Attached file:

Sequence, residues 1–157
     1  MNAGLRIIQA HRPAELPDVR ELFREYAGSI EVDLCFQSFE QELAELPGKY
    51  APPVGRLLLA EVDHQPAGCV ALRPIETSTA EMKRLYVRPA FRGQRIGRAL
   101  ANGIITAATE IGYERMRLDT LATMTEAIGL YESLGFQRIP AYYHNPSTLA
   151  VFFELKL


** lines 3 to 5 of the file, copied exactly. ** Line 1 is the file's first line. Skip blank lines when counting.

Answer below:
    51  APPVGRLLLA EVDHQPAGCV ALRPIETSTA EMKRLYVRPA FRGQRIGRAL
   101  ANGIITAATE IGYERMRLDT LATMTEAIGL YESLGFQRIP AYYHNPSTLA
   151  VFFELKL